Regional Differences in Demand for Coal as A Basis for Development of A Product Distribution Model for Mining Companies in the Individual Customers Segment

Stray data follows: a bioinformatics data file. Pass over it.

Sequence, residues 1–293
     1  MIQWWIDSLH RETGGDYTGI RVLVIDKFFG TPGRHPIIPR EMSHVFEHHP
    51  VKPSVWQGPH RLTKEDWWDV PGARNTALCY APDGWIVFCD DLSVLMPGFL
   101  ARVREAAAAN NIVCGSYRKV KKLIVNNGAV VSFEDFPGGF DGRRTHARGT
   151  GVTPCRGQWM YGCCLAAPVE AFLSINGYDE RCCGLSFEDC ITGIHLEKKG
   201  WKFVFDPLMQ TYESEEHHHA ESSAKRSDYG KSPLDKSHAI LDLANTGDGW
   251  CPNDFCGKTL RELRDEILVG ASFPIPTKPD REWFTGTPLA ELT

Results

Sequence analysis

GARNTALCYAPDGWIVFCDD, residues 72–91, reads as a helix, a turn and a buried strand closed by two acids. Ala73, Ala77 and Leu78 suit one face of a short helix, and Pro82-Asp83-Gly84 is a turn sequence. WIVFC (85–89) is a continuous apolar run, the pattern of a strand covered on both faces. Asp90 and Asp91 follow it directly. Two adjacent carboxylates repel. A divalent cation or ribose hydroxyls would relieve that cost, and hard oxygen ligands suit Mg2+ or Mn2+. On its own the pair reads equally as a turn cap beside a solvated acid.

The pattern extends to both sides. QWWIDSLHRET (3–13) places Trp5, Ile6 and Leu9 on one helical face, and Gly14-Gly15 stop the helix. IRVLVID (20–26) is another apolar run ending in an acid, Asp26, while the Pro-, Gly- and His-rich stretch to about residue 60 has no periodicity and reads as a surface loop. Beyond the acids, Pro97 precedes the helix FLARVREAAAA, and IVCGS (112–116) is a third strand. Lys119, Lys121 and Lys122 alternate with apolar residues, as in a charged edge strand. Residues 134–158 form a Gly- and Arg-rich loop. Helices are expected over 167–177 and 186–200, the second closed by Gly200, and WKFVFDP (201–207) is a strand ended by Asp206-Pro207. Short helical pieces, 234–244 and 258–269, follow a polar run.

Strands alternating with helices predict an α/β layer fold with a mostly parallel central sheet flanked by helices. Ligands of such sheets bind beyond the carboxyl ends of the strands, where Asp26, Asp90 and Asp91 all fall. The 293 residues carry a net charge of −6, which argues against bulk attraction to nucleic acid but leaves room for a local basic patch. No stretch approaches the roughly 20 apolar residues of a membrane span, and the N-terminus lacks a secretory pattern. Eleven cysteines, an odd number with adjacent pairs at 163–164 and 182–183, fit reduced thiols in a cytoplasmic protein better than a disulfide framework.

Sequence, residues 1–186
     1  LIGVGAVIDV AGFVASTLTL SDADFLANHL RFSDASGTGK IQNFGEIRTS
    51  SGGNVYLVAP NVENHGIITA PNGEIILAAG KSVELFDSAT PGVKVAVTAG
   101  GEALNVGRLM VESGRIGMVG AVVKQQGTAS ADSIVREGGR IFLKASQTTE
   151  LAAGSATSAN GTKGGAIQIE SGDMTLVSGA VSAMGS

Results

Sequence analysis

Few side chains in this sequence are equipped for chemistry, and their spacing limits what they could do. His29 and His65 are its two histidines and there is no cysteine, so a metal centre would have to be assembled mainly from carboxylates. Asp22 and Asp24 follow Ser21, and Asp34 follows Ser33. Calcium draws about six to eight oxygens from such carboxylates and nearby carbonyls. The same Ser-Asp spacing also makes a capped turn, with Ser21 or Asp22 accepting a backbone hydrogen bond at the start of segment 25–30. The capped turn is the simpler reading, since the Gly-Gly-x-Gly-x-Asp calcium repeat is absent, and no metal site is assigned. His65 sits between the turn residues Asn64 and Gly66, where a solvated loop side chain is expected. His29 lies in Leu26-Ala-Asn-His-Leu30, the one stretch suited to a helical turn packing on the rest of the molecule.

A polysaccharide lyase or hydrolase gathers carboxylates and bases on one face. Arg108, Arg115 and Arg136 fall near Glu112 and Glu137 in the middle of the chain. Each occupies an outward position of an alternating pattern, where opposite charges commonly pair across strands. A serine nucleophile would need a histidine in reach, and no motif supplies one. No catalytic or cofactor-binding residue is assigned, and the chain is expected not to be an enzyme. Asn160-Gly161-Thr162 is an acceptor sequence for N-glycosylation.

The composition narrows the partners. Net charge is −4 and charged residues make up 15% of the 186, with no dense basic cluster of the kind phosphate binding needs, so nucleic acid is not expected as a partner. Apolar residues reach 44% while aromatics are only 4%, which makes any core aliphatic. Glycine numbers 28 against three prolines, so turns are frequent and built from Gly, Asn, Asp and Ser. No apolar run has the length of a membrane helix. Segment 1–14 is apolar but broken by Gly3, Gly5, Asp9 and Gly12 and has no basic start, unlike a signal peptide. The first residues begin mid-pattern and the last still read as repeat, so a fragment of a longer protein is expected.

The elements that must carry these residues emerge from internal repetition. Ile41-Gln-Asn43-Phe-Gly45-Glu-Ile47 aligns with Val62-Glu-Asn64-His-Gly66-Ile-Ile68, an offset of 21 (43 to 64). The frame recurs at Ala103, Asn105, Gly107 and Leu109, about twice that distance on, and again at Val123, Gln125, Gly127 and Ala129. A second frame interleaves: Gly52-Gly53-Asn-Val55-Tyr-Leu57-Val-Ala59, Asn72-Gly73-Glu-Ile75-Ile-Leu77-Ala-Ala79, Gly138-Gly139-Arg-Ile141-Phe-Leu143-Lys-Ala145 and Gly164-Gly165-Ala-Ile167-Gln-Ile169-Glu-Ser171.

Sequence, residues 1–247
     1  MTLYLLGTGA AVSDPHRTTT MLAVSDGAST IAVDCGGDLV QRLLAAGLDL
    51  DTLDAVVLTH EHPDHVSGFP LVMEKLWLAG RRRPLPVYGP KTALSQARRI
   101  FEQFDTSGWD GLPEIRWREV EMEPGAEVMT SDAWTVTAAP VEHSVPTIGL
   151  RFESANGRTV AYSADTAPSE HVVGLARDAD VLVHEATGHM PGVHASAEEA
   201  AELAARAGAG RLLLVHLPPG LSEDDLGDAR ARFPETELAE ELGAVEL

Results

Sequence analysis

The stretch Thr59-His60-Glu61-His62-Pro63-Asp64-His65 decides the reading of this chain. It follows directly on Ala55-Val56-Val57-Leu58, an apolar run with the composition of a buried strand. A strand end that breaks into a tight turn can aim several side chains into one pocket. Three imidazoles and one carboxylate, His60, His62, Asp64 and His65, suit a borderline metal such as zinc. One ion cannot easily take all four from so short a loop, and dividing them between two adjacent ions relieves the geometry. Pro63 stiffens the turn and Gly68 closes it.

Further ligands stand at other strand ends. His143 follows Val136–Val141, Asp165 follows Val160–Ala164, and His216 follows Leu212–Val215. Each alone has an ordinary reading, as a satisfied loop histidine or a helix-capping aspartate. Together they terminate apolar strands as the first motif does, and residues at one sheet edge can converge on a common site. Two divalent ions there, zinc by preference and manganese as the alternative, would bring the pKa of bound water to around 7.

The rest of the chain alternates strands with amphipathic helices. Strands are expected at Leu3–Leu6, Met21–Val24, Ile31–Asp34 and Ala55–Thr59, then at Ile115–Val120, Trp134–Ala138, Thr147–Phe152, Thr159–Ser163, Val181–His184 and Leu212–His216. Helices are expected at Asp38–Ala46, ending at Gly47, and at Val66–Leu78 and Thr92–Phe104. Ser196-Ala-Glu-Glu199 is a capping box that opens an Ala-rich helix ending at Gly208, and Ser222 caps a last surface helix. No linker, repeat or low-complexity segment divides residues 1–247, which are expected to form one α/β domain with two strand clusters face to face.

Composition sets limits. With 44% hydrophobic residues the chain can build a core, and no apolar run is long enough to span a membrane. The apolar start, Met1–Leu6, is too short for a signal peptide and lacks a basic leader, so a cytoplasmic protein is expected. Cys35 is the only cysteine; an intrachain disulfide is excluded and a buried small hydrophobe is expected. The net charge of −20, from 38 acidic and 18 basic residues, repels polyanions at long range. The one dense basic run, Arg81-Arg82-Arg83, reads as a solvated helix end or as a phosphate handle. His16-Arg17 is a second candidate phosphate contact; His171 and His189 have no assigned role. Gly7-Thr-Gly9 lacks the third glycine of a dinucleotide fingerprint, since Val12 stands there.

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Abstract